Raspberry Pi slashes price after rival launches on Kickstarter
C.H.I.P. will teach you coding basics and let you play games
The Raspberry Pi B+microcomputer has dropped to 16 in cost, following the launch of a cut-price rival, C.H.I.P.
The Raspberry Pi Foundation has stated that the price drop is "aside effect of the production optimizations" brought in by the Raspberry Pi 2's development.
Skeptics, however, have insinuated that it may be a direct response to C.H.I.P.'s theft of its title as king of the budget microcomputers.
The Raspberry Pi competitor traised 18 times its $50,000 funding goal on Kickstarter, and the mostbasic version ofC.H.I.P costs just 6 and is due to ship in January 2015.
Raising $915,739 from 18,093 backers on the crowdfunding site, it features a1GHz Allwinner R8 Cortex A8 processor with Mali-400 graphics, 512MB RAM and 4GB storage in addition to Wi-Fi and Bluetooth 4.0, neither of which are available on Raspberry Pi as yet.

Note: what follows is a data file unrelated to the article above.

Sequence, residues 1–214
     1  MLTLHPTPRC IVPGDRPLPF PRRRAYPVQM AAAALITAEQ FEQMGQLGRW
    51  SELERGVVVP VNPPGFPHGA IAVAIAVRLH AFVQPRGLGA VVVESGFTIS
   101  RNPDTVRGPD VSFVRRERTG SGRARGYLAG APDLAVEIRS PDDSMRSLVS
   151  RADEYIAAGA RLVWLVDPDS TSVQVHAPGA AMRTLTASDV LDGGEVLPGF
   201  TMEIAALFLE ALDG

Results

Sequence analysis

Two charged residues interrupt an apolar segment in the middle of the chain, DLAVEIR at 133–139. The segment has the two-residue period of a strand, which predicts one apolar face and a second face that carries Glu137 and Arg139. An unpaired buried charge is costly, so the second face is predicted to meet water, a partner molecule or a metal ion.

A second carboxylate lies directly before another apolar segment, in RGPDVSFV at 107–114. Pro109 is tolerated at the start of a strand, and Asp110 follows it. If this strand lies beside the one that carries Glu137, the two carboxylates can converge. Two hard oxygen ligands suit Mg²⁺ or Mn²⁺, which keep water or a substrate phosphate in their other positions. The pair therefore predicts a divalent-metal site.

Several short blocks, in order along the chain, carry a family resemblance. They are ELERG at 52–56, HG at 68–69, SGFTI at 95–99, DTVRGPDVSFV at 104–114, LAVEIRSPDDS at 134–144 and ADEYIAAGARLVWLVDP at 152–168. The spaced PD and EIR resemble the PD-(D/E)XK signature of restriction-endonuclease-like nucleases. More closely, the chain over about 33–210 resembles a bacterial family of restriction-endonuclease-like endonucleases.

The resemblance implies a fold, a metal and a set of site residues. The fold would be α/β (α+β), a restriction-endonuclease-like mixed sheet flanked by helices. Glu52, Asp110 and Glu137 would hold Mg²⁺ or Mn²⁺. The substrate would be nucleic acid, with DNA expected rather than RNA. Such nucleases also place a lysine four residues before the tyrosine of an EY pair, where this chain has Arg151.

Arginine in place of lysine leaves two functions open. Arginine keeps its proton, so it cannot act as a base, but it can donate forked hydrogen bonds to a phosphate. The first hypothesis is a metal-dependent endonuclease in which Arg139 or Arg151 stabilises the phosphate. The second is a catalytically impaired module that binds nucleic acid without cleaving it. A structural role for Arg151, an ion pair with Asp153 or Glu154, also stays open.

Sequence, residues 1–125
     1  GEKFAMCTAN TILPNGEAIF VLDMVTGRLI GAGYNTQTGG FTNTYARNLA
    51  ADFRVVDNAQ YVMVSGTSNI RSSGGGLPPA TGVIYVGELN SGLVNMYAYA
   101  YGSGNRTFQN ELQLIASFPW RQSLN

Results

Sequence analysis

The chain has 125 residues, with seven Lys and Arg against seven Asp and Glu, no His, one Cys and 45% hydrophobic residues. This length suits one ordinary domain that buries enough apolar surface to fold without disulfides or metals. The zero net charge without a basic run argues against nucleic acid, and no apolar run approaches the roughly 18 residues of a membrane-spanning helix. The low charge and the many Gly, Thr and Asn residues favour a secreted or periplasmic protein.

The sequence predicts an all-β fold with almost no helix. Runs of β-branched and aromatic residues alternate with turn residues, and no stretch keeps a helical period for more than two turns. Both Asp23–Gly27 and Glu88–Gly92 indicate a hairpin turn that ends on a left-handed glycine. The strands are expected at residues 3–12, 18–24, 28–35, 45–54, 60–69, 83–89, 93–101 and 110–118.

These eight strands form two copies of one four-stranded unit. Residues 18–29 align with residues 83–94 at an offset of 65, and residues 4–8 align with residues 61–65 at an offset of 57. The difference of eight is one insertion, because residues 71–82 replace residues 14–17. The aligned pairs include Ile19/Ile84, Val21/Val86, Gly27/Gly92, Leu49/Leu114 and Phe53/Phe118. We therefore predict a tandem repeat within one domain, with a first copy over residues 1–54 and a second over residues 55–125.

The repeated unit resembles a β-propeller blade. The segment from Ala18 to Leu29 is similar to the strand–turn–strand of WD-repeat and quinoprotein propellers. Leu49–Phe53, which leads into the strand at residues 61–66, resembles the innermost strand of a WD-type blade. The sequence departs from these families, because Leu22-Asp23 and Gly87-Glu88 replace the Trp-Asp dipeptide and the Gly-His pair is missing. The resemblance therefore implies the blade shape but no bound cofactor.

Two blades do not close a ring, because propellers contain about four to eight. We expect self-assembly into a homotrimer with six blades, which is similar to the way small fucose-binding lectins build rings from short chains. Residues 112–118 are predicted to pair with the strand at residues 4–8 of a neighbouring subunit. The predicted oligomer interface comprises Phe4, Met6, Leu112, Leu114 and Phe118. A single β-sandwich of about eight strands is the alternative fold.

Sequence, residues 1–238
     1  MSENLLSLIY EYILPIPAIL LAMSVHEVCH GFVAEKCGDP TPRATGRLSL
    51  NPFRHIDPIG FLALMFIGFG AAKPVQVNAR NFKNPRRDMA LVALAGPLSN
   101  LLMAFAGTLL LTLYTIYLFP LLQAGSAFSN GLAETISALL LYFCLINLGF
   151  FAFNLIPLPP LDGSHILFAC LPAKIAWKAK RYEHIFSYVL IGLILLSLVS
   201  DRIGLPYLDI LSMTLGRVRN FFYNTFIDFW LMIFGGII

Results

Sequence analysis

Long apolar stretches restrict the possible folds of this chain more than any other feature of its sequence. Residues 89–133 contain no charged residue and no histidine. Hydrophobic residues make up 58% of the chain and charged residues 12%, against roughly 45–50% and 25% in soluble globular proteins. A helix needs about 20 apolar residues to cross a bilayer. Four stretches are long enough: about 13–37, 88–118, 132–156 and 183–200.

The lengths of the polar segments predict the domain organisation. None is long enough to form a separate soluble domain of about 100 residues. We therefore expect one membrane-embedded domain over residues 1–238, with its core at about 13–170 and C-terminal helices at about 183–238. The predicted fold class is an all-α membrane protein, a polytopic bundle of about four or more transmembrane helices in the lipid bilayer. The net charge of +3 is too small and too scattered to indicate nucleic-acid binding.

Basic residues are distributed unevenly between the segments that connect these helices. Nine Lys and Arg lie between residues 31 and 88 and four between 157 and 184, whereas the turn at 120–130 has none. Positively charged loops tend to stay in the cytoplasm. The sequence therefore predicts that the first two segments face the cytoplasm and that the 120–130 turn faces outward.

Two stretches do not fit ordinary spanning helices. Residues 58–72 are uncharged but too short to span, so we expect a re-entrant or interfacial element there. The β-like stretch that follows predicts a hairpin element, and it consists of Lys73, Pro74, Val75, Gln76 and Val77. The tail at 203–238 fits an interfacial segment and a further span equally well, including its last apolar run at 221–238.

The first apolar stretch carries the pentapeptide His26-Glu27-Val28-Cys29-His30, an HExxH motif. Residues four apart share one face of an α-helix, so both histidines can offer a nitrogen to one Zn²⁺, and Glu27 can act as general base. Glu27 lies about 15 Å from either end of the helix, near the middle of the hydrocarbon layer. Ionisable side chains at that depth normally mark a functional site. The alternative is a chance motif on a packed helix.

Running on Linux, C.H.I.P works with any screen and comes with a whole host of applications preinstalled so you don't have to worry about downloading anything once you've got it up and running.
The device itself measures just 2.3 inches by 1.5 inches and is compatible with other peripheries, like keyboards and televisions.
It only has one USB port though, so you'll have to be selective about what you decide to plug in. Other inputs include a component port, although you can add on a VGA or HDMI adaptor if you with to upgrade your display.
The secret behind the low price of C.H.I.P is buying components in bulk to get a discount.
The company behind the processor, called Next Thing, said on its Kickstarter page: "C.H.I.P. is built to be flexible. Whether you're building yourself a wall clock that counts down time to the next bus at your stop, or setting up a network of hundreds of solar-powered air quality sensors for use in disaster relief, you need the same basic tools to start from: a processor, a way to exchange data, and a way to power everything."
It comes pre-installed with Scratch,an easy to learn language that teaches the basics of programing by making stories, games, and animations - and can be hooked up to game controllers via Bluetooth to play new and retro games.
The tiny computer can also run thousands of open source applications, say its creators.
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